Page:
Ciclovia as a Lighter, Quicker, Cheaper Planning Tool for Both Agencies and Communities
Some Ciclovias are led and coordinated by city officials, but others, like Open Streets Chicago, got their start when community groups established a broad-based local partnership that led the planning and implementation of the Ciclvoia – with the city playing a supporting role.
Quick, temporary events like Ciclovias show both local stakeholders and actors in the public and private sector the benefits of increased biking and walking throughout a city, and introduce the potential for permanently shifting infrastructure and culture to embrace biking and walking as viable means of daily transportation.
And because the events are only temporary and don’t require big infrastructure investments, it’s easier to convince officials and stakeholders to give it a shot. That’s one of the biggest benefits of a lighter, quicker, cheaper, placemaking approach to transportation projects.
Successful Ciclovia events that are born out of collaborations between local governments and community groups can actually help establish productive, collaborative relationships in which both groups work together to produce positive changes in their city.
CicLAvia: L.A.’s Ciclovia Event
Los Angeles is beginning their Ciclovia season this Sunday with the reprisal of CicLAvia. Last year’s event was a stunning success, with 150,000 Angelinos getting a perspective on their city they could never safely see before. CicLAvia is one of the many projects that LA’s forward-thinking mayor, Antonio Villaraigosa, has implemented to build consensus around a new people-friendly vision for LA’s streets.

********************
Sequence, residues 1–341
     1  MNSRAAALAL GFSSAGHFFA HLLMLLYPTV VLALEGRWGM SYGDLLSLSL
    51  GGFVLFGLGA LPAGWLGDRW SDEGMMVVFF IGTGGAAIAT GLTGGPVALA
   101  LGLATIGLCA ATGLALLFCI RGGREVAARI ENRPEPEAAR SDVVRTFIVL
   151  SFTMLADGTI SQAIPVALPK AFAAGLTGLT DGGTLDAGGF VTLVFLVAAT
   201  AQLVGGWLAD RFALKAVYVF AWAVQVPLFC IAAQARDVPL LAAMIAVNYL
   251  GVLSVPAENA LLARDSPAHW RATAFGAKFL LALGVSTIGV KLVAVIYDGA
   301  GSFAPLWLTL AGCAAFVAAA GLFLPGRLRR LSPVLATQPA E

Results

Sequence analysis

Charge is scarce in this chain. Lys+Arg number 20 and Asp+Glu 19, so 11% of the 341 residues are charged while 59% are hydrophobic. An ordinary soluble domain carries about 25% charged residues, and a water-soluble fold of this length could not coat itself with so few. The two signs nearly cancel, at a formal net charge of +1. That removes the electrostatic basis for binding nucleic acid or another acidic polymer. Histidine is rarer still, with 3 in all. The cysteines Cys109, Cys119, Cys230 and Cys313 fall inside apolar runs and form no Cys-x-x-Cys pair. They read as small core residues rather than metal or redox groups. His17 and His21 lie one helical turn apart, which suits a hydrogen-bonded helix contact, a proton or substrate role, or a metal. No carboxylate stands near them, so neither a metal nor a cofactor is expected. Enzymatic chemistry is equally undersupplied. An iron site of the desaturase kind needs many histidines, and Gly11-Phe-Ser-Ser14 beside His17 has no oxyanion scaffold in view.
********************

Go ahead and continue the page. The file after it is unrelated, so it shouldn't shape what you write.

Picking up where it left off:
The Mayor hopes “that CicLAvia is not just a one-time event, but merely the beginning of a shift in the culture of Los Angeles away from the single-passenger automobile and towards healthy and environmentally friendly modes of transportation.”
In Los Angeles, CicLAvia is organized by a coalition including the City, Los Angeles County Bike Coalition, LA’s transit agency – Metro, and a group of independent artists, community advocates, and business owners. This is an important coalition that can keep working together to change the paradigm of transportation in LA- one of the Mayor’s goals.
If you’re in LA, or close by, check out the opening this weekend, April 10, 10AM-3PM.
Here is a StreetFilm on L.A.’s CicLAvia
Ciclovias Turn Streets into Places for Pleasure, not just Traffic
Ciclovia events such as the ones listed above are in line with the radical rethinking of public space, including the use of streets, that PPS promotes as part of its Streets as Places campaign. Our vision of Streets as Places is for streets to be recognized as public spaces that foster healthy cultural interactions, economic development, and physical activity – characteristics that are necessary for any community to thrive. Learn more about our Streets as Places approach here.
Without community engagement, transportation projects, no matter their effectiveness, will be greeted with unnecessary hostility and skepticism. By organizing Ciclovia events, agencies can foster healthy activity, while generating participation and buy-in into a new vision for transportation infrastructure and amenities.
Meg MacIver contributed to this post.